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From Middle English warantye, warantie, from Anglo-Norman warrantie, an Old Northern French variant of Old French guarantie (Modern French garantie). Doublet of guarantee and guaranty. More at warrant.


  • (US) enPR: wôr'ənti, IPA(key): /ˈwɔɹ.ən.ti/
  • (file)
  • (UK) IPA(key): /ˈwɒ.ɹən.ti/


warranty (countable and uncountable, plural warranties)

  1. (countable) A guarantee that a certain outcome or obligation will be fulfilled; security.
    • 1691, John Locke, Some Considerations on the consequences of the Lowering of Interest and the Raising of the Value of Money, Thomas Davison, Whitefriars (1823), page 88:
      Those who have had the care and government of politic societies introduced coinage, as a remedy of those two inconveniences. The stamp was a warranty of the public, that, under such a denomination, they should receive a piece of such a weight, and such a fineness; []
    • 2003, John W. Hendrikse, Leigh Hendrikse, Business Governance Handbook: Principles and Practice, 2nd edition, published 2008, page 238:
      However, governance is no universal panacea for business ills; it is a warning, not a warranty against failure.
    • 2013, Iain McLean, Jim Gallagher, Guy Lodge, Scotland's Choices: The Referendum and What Happens Afterwards, 2nd edition, published 2014, page 154:
      The phrase National Statistics, in capitals, is a warranty that the statistics in question are produced by neutral statisticians and are immune from political interference.
  2. (countable, law, real estate, obsolete) An obsolete legal agreement that was a real covenant and ran with the land, whereby the grantor and his heirs of a piece of real estate held in freehold were required to officially guarantee their claim and plead one’s case for the title. If evicted by someone with a superior claim (paramount title) they were also required to hand over other real estate of equal value in recompense. It has now been replaced by personal covenants and the covenant of warranty.
    1. (law, countable, real estate) A covenant, also called the covenant of warranty, whereby the grantor assures the grantee that he or she not be subject to the claims of someone with a paramount title, thereby guaranteeing the status of the title that is being conveyed.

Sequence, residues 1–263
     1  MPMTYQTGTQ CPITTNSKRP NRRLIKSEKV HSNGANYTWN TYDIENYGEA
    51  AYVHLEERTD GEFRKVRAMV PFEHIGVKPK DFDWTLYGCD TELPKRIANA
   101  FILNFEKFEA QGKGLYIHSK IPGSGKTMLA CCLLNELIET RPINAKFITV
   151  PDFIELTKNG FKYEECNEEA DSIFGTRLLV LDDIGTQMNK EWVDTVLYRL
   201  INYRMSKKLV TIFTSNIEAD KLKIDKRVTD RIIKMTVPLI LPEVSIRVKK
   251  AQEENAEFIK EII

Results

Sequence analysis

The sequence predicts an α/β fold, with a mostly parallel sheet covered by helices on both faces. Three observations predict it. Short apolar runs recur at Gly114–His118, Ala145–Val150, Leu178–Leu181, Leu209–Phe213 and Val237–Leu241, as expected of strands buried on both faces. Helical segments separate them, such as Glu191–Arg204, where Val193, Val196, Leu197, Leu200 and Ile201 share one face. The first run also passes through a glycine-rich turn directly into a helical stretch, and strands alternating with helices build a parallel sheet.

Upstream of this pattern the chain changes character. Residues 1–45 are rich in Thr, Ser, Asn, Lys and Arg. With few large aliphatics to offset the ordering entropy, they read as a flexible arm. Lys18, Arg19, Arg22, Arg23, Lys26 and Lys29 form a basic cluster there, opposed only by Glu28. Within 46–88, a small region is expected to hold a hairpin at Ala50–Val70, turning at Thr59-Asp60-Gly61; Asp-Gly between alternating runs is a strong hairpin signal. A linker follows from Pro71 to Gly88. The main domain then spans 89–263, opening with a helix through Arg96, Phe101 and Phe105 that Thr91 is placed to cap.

3. (countable, law) A legal agreement, either written or oral (an expressed warranty) or implied through the actions of the buyer and seller (an implied warranty), which states that the goods or property in question will be in exactly the same state as promised, such as in a sale of an item or piece of real estate.
  4. (countable) A written guarantee, usually over a fixed period, provided to someone who buys a product or item, which states that repairs will be provided free of charge in case of damage or a fault.
    I took out an extended warranty on my television for five years at a cost of $100.
    I made sure to check the terms of my warranty for my computer to ensure I was covered in case it broke down.
    It's always a good idea to get a good warranty on anything you buy that you think may break down.
  5. (countable, insurance law) A stipulation of an insurance policy made by an insuree, guaranteeing that the facts of the policy are true and the insurance risk is as stated, which if not fulfilled renders the policy void.
  6. (uncountable, rare) Justification or mandate to do something, especially in terms of one’s personal conduct.
    • 1683, John Kettlewell, An Help and Exhortation to Worthy Communicating, 379:
      [] Since, if they disobey any precept, that is no excuse to us, nor gives us any warranty for companies fake to disobey likewise.


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warranty (third-person singular simple present warranties, present participle warrantying, simple past and past participle warrantied)

  1. To warrant; to guarantee.